A Christmas Miracle

A short story by Akha Khumalo

Early on Christmas morning there was a noise outside. Peter was sleeping when the noise awakened him. He went outside to see what had caused it. There he found a yellow mask made of wood. He put the mask on and suddenly everything changed.

You see, Peter was a non-speaking autistic and he had a silly body. When he put the mask on, he was immediately in control of his body. Suddenly he could talk and do anything with his body that he wanted to. He was so excited. It was a Christmas miracle.

He ran inside to tell his mother what had happened. But when he got inside, he found his family gone. He called and he called but they weren’t there. He went out into the street to look for them. He walked through the streets of his town to find them. They were nowhere to be found. In fact, the whole town was deserted, not a person in sight. He was frightened. He did not know what to do.

Suddenly he saw another person. It was a young girl and she looked as scared as him. She was also a non-speaking autistic. She was now also in charge of her body. She was also now alone. Peter and the girl now had each other. They walked around hand in hand looking for their families. They found other children who were also non-speaking autistics. Every one of them was alone. They were confused. They were scared.

“I think we’re alone now” said Peter. “We are in control now, but we are without the people that we love most. That is not the life that I want.”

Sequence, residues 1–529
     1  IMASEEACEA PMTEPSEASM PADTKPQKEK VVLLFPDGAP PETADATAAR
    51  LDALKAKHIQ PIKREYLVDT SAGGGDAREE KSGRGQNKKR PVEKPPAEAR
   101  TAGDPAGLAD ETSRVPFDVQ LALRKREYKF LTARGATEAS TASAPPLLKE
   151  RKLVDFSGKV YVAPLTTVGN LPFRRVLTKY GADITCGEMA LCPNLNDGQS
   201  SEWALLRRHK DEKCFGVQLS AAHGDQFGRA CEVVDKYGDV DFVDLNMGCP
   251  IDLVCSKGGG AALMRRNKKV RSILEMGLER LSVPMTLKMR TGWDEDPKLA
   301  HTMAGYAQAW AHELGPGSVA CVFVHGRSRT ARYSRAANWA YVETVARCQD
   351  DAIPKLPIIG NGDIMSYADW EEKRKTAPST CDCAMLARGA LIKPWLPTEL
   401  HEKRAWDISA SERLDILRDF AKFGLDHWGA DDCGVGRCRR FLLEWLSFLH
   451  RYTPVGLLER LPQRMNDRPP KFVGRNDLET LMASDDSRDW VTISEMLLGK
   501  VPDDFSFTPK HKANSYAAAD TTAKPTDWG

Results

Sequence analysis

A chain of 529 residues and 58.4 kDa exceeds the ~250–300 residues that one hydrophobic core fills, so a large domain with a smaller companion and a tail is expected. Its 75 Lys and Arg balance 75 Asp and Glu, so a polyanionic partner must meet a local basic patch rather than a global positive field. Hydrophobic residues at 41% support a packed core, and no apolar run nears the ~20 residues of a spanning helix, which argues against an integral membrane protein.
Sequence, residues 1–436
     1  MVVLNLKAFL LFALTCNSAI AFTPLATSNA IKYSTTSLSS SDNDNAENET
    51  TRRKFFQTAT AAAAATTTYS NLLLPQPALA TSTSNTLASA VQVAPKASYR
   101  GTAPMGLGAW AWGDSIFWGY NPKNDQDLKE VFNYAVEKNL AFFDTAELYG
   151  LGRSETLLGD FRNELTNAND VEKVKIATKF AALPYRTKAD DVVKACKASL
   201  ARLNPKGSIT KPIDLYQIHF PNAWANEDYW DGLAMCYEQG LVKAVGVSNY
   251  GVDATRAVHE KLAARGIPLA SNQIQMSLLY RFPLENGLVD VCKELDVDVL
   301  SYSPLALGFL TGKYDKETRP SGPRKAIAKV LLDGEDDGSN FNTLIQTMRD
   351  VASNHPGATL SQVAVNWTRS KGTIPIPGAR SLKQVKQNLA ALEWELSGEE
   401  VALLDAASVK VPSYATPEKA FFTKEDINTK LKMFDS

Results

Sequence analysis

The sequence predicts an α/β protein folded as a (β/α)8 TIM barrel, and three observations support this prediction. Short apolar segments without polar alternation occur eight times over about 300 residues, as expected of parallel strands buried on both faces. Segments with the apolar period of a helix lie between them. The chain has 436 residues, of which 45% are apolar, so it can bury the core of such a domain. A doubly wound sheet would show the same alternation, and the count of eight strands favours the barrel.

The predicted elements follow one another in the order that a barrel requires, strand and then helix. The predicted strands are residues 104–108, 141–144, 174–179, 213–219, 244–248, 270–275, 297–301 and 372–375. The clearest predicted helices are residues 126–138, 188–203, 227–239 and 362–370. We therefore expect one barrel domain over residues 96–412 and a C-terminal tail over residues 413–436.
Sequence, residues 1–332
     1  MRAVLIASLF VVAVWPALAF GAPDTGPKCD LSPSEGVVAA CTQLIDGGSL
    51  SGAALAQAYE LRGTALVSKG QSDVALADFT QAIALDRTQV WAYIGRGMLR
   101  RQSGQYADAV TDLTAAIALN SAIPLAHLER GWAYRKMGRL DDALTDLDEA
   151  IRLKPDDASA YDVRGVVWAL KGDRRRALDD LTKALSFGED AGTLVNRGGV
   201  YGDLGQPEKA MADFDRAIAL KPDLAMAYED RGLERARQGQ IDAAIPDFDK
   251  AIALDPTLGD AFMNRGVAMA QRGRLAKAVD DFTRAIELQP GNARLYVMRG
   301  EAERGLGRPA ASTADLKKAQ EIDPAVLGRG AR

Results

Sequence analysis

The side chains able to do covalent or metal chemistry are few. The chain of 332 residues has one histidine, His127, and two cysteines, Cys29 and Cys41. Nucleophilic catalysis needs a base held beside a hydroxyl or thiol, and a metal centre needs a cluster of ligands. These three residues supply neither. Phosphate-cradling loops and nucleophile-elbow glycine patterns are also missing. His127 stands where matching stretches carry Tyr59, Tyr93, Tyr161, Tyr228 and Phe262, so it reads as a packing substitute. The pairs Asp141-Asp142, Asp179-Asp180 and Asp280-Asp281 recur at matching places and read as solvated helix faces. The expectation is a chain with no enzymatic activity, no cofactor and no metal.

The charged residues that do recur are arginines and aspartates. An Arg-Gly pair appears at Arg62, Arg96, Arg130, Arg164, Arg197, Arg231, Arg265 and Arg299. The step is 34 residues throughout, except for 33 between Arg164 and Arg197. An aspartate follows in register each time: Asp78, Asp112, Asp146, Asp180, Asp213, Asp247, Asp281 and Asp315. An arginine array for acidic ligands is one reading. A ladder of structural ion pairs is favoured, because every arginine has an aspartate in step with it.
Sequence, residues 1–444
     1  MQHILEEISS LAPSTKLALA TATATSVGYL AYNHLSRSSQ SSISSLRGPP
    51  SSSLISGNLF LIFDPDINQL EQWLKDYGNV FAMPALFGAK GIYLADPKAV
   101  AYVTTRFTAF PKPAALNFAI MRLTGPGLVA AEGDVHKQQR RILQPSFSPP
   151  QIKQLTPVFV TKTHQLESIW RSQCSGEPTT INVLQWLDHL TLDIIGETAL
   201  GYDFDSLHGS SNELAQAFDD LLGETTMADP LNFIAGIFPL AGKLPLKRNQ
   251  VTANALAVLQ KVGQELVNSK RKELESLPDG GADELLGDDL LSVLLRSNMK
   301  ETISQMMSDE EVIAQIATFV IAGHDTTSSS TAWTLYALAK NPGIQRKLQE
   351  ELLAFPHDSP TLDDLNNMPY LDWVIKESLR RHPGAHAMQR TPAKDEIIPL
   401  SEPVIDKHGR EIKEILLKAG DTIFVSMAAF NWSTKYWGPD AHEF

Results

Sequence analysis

“Me neither” said the girl. Everyone agreed.

“I will take the mask off now” said Peter. “I will be proudly autistic. I was made like this for a reason. I must fulfil my destiny.”

He pulled the mask off and everything returned to normal. Peter went on to live his life to the full. Never again did he wish to be neurotypical.

Making friends

By Akha Khumalo

Dear readers,

Today I want to talk about making friends. I think many parents feel they need to put their autistic children in a school so they can socialise. Although this seems like a good idea it’s not how it works. Being around other kids doesn’t make you friends. Being near each other doesn’t build relationships. Because communication builds relationships, not proximity. My wonderful speech therapist Tracy noticed how lonely I was. I was surrounded by kids but I didn’t have one friend. In fact many of the kids were mean to me. Because I didn’t speak they thought I was stupid. They mocked me and called me names. Even when Tracy came in and I spoke to them on the boards, things didn’t change. I was then homeschooled for a while. Then I met Thabi. My whole life changed. I finally had a friend. Tracy facilitated conversations between us. I learned we liked the same TV programs. I have discovered we like similar food but I eat his tomatoes and he eats my crackers. We sit together and watch movies. He stood up for me when someone was unfair to me. I love him so much. There’s nothing quite like having a friend. I wish every autistic person could have one wonderful friend like mine.

Until next time,

Akha

Being Affectionate

Dear Readers

Today I am going to talk about how I give affection. When you live in an uncontrollable body, it’s hard to show affection to those you love. It’s hard when you love people so fiercely, but you can’t show it. You take it for granted that you can just tell someone that you love them or give them a hug. I can’t do either. My silly body doesn’t allow me to do either of these things.